• ‘Since neither antioxidant capacity nor oxidative stress was measured, an element of doubt about the adequacy of the antioxidant mix or dose is reasonable.’
      • ‘But Hahn thinks that ‘the animal is the best sensor,’ and respiration rate is a way to measure heat stress.’
  • 2A state of mental or emotional strain or tension resulting from adverse or demanding circumstances:

    ‘he's obviously under a lot of stress’
    [in combination] ‘stress-related illnesses’
    • ‘Other cases clearly involve unbearable mental and emotional stress.’
    • ‘It is also well documented that aggression and ‘pushiness’ can also contribute to high levels of stress and feeling pressurised.’
    • ‘As stress and pressure started to increase again, I found myself looking at my still cuffed wrist while my hand tightened on the pen.’
    • ‘Nervousness and stress can increase blood pressure which in turn will increase glomerular filtration.’
    • ‘Glucocorticoids released during stress also exert profound effects on endocrine function by acting both in the periphery and in the brain.’
    • ‘His doctor soon signed him off work with severe stress and high blood pressure.’
    • ‘It is often said that asthma can be triggered by emotional stress.’
    • ‘But if you haven't prepared for it and you aren't confident with that situation, then that pressure develops into stress.’
    • ‘Motherwort is reputed to release tension caused by emotional and mental stress.’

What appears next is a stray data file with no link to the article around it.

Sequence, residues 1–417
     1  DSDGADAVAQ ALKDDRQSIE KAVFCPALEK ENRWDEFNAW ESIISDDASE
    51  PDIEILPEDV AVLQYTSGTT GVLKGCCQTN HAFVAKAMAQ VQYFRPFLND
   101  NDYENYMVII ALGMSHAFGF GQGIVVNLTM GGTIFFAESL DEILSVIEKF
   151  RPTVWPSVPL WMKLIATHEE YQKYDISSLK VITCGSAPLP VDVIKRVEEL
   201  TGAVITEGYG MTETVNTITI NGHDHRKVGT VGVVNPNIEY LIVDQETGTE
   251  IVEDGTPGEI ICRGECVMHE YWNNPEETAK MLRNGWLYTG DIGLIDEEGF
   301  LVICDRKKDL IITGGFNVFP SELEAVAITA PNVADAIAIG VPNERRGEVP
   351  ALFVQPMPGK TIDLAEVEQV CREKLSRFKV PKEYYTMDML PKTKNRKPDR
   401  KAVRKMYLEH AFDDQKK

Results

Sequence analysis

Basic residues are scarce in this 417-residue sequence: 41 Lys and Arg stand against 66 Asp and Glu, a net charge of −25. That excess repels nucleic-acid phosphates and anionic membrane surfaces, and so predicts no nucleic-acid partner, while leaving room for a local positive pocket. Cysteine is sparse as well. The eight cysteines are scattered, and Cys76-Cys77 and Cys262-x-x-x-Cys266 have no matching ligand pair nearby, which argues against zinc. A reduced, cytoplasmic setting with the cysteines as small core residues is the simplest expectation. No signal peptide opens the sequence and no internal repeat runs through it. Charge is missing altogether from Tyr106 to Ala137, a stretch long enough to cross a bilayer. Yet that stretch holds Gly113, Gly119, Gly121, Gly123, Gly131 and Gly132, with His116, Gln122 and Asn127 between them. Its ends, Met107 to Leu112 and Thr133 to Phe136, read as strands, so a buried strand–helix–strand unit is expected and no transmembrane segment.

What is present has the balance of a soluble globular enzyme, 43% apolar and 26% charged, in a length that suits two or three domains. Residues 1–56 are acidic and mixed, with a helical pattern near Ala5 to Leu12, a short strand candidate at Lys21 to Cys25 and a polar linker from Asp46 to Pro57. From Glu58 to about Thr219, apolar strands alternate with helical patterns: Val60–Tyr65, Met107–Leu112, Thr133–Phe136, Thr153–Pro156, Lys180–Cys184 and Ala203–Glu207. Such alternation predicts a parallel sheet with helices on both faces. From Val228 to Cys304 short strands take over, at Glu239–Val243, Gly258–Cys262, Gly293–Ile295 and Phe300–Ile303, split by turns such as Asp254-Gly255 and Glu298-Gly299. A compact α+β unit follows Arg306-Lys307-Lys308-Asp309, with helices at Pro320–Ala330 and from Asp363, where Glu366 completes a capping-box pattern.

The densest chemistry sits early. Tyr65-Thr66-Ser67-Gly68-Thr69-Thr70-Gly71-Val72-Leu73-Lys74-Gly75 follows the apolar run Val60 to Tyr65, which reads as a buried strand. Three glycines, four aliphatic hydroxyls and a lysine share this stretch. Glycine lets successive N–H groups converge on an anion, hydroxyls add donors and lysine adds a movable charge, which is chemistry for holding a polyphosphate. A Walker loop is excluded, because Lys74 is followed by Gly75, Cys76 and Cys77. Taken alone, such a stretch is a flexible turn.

• ‘Walking can lower blood pressure, relieve stress, minimise the risk of strokes and diabetes and keeps you fit.’
    • ‘Many factors can affect blood pressure, including stress, diet, drug abuse, disease and environmental conditions.’
    • ‘Perspective and practice lend you ways to deal with stress and cope with pressure.’
    • ‘But I was very careful to not make too big of a deal about it so that I didn't pile on pressure and stress or and make him hesitant to be honest with me if he went back to it.’
    • ‘Some scientists believe that we are running out of sleep, put under mental strain by work stress, caffeine and late-night internet distractions.’
    • ‘Noise can also cause stress, high blood pressure, fatigue, loss of sleep and anxiety.’
    • ‘As with caffeine, the influence of stress on blood pressure isn't settled.’
    • ‘He cannot work under stress and tension due to his very high blood pressure.’
    • ‘Kids might start smoking because of peer pressure, to relieve stress, or to rebel against their parents.’
    • ‘Although stress makes blood pressure rise temporarily, there's doubt about whether it can contribute to a long-term increase.’
    • ‘Only five per cent of Manchester firms are taking measures to prevent stress - the biggest cause of workers taking time off sick.’
    strain, pressure, tension, nervous tension, worry, anxiety, nervousness
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    1. 2.1[count noun] Something that causes a state of strain or tension:
      ‘the stresses and strains of public life’
      • ‘It is essential to speak to a qualified herbal practitioner before launching into experiments with herbal medicine, but many herbal teas are a perfect tonic for some of life's stresses and strains.’
      • ‘The course deals with the stresses and strains of the individual driver and how to deal with conflict in the back of a cab.’